PericarditisAcute pericarditis is a common, benign disease (Table 1). Presence of a pericardial friction rub, pleuritic chest pain with positional changes, and characteristic findings on ECG are specific for diagnosing pericarditis in the clinical setting. However, in developed countries like the United States, more than 80% of cases of pericarditis are idiopathic (5).
Acute/Chronic and Recurrent Pericarditis
In 2005, the results of two important studies were made available, the CORE (COlchicine for REcurrent pericarditis) trial and the COPE (COlchicine for PEricarditis) trial (9). In the CORE trial, the effect of aspirin alone (or prednisone when aspirin was contraindicated) or aspirin plus colchicine was investigated in patients with first time recurrent pericarditis. The patients were randomly assigned to anti-inflammatory drugs, which were given for 3–5 weeks (progressively tapered), and colchicine (1 mg per day) for 6 months. The results were impressive with a significant effect. Recurrence rates at 18 months for the conventional treatment group was 50.6% while the rates for conventional treatment plus colchicine group was 24% (p=0.022). This explained an important clinical benefit of colchicine over conventional treatment in patients with first time episode of recurrent pericarditis. In the same year, the COPE trial recommended prescribing colchicine not only for recurrent pericarditis but also after the first pericarditis attack (10). This trial conducted on 120 patients with a mean follow-up of 1.5 years reported significant recurrence rate reductions in patients with a first episode of acute pericarditis being treated with conventional treatment plus colchicine group (10.7%) to conventional group (32.3%) (p=0.004). These results confirmed those of a preliminary French study of 19 patients published in 1991 (11).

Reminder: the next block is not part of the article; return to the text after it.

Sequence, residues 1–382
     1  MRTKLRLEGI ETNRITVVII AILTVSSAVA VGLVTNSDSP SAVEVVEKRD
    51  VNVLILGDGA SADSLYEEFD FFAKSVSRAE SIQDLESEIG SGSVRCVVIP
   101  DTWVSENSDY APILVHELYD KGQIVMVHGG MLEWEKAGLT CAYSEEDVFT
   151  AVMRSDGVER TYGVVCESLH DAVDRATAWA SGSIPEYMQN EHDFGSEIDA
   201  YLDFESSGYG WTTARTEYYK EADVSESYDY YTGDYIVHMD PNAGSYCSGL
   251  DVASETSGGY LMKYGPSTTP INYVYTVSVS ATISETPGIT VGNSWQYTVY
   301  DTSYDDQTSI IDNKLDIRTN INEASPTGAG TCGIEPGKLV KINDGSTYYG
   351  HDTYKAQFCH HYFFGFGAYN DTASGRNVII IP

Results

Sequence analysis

Since, then, multiple studies testifying for the efficacy of colchicine have been performed. The Colchicine for Recurrent Pericarditis (CORP) trial, done on 120 Italian patients with a first recurrence of pericarditis, reported a recurrence rate of 24 and 55% with colchicine group and placebo group, respectively. There was a significant relative risk reduction of 0.56 [CI, 0.27 to 0.73] when both groups were compared (12). Imazio and Adler, the scientists who have been working tirelessly since the past decade on colchicine and anti-inflammatories later suggested that aspirin and NSAIDs (non-steroidal anti-inflammatories) should be the mainstay of treatment for acute and recurrent pericarditis with the possible adjunct of colchicine, especially for recurrences (13). Their past trials also showed that colchicine use was associated with a reduced risk of pericarditis during follow-up either for primary or secondary prevention without a significant higher risk of adverse events compared with a placebo (14).